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14 June 2018 Photo iStock
Dealing with the trauma of sexual assault

University life is supposed to be one of the most enjoyable times of a person’s life. Unfortunately, for some this is the time they may fall victims to sexual assault.
 
The term sexual assault has shockingly become normalised in society and has become a common threat to university students. The University of the Free State (UFS) through its sexual harassment, sexual misconduct, and sexual violence policy strongly condemns any form of sexual abuse. Dr Melissa Barnaschone, Director at Student Counselling and Development (UFS) says the university cares for the health and wellbeing of students and provides necessary support for victims of sexual assault and trauma.
 
It is unfortunate that sexual assault comes with many misconceptions that often shift responsibility and blame from the perpetrator to the victim. “It is important to always remember that it is not your fault; do not blame yourself,” says Dr Barnaschone. Helpguide.Org: Trusted guide to mental & emotional health says sexual assault leaves psychological wounds and sometimes long-lasting health challenges. Such trauma can severely affect a person’s ability to cope with daily academic, social, professional, and personal responsibilities.
 
Any sexual violence is a crime and as a victim, you are not to blame. Healing is achieved when you start to believe that you are not responsible for what happened to you. Visit Helpguide.Org for more information on post-traumatic stress disorder, trauma recovery tips and other related topics.

On this video clip, Dr Barnaschone shares some guidelines to deal with sexual assault and trauma: 

News Archive

Measures to ensure safer campuses are investigated
2010-04-16

The safety of students, lecturers and staff of the University of the Free State (UFS) is of the utmost importance for the management of this institution and deliberations are continuously taking place on what can be done to improve the levels of safety of the respective campuses in Bloemfontein and Qwaqwa.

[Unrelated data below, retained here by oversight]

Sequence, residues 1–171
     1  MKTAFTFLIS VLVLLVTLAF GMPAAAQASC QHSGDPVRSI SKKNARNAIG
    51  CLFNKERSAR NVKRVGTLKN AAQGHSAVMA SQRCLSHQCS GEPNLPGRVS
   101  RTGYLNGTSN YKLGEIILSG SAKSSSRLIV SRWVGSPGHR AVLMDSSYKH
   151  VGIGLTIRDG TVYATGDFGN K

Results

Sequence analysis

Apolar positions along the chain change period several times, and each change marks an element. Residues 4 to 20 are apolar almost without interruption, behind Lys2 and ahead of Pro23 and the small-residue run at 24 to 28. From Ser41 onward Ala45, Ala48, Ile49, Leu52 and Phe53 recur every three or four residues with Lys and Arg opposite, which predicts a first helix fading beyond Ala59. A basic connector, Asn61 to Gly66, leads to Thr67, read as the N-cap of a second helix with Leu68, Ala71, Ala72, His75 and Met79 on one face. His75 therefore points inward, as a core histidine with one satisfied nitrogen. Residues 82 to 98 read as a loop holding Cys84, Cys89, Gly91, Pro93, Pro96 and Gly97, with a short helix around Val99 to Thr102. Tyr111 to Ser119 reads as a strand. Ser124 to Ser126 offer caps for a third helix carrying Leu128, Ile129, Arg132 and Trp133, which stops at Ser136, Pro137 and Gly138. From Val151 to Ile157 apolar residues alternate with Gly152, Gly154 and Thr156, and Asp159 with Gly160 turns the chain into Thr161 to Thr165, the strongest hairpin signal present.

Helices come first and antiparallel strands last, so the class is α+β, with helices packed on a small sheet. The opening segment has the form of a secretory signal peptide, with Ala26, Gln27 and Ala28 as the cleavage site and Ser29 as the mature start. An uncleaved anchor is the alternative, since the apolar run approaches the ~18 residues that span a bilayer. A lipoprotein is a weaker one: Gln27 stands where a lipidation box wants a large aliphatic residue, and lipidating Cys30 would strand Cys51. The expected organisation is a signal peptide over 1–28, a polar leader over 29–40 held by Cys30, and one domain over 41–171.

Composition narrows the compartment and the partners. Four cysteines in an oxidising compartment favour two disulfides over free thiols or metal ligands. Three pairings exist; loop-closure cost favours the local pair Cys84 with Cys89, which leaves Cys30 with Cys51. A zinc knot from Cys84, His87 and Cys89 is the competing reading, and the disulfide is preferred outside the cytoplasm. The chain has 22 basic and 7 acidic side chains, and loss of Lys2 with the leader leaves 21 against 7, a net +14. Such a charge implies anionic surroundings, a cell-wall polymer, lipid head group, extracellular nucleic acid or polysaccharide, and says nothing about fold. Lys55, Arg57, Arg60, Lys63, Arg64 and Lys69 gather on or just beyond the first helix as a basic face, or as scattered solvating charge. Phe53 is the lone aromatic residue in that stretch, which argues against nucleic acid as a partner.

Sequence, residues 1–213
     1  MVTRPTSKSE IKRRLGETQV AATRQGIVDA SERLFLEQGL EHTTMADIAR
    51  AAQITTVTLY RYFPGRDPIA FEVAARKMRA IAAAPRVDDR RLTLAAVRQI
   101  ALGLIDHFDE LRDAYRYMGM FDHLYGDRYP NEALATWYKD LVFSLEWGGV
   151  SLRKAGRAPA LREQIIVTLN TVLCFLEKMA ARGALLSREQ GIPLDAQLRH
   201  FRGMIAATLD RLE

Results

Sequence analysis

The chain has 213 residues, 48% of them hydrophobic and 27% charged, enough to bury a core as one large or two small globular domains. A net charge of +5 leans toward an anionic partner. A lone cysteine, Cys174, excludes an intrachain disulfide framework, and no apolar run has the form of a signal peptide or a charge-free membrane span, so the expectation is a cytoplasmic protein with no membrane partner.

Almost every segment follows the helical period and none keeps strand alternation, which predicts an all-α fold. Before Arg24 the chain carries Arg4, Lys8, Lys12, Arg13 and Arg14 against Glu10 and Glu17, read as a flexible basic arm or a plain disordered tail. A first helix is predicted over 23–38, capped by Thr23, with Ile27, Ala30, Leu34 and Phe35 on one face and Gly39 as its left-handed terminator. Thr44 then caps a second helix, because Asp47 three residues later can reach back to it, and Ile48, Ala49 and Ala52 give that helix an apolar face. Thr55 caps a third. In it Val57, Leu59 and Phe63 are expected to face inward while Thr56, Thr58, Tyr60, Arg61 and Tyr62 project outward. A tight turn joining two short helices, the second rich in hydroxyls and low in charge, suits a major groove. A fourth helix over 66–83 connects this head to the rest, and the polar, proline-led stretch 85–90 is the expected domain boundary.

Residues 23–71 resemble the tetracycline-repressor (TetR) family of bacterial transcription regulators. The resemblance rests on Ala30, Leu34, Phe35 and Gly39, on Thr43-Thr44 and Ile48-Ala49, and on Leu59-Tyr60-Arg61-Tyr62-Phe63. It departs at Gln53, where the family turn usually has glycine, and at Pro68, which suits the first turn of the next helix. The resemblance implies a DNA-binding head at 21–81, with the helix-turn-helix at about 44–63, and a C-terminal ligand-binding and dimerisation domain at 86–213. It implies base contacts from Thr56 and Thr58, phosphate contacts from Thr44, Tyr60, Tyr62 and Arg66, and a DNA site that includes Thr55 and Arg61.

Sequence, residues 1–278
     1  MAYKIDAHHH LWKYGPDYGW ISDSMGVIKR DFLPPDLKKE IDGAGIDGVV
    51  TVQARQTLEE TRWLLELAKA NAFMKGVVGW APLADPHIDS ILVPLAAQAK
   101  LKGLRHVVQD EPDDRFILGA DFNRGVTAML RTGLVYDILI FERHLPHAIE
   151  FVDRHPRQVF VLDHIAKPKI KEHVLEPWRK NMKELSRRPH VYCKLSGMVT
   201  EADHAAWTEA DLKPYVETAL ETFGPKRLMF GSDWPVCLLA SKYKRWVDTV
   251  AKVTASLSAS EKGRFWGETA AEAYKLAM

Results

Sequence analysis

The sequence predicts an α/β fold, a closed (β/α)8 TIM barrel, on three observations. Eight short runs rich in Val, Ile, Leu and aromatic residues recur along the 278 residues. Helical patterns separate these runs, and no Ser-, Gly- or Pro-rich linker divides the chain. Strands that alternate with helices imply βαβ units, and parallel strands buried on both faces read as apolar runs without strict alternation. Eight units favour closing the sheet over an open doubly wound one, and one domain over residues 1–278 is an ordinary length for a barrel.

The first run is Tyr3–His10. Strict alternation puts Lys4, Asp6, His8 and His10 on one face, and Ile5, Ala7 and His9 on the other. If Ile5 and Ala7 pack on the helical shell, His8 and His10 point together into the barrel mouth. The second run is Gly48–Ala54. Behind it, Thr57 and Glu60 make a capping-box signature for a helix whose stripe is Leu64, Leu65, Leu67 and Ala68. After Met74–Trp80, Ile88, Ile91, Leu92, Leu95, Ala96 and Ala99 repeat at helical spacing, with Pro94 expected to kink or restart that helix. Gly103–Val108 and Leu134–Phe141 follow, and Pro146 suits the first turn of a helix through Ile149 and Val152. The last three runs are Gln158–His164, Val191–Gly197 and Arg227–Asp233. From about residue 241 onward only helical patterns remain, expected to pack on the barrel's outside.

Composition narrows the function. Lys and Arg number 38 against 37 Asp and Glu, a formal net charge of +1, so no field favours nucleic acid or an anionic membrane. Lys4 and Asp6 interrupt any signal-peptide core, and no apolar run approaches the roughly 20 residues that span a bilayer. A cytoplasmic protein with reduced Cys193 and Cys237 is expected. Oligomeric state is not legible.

A set of recommendations was recently tabled by our rectorate that make provision for various measures for safer campuses. According to Prof. Niel Viljoen, Vice-Rector: Operations at the UFS, attention will urgently be paid to the following recommendations:

  • The instalment of alarm systems, linked to the central security control room, in all buildings on the respective campuses.
  • The instalment of “panic systems” in strategic places in buildings.
  • Where possible, better admission control to buildings, especially office blocks.
  • Better management en integration of contracted-in security workers.
  • Enhancement/upgrading and better monitoring of the security control room and sharpening of reaction times in cases of emergency.
  • Repair and maintenance of the current border fencing.
  • A survey was once again done of all the so-called “dark spots” on campus and the instalment more effective lighting are currently in progress.
  • Safeguarding of footways and parking areas by means of cameras and panic systems that will be monitored 24 hours a day, seven days a week.
  • Better and more visible patrolling of the pedestrian walkways and campuses.

Regular and structured feedback regarding the safety situation at all campuses shall also be done.

According to Prof. Viljoen the following recommendations shall also be investigated further:

- The feasibility of the “closing” of the campus, especially in terms of transport implications, costs and effectiveness.
- The possible closing of the small pedestrian gates in order to channel pedestrian traffic through the existing and manned gates.
- The feasibility of the compulsory wearing of ID cards by all personnel, students and temporary workers.
 

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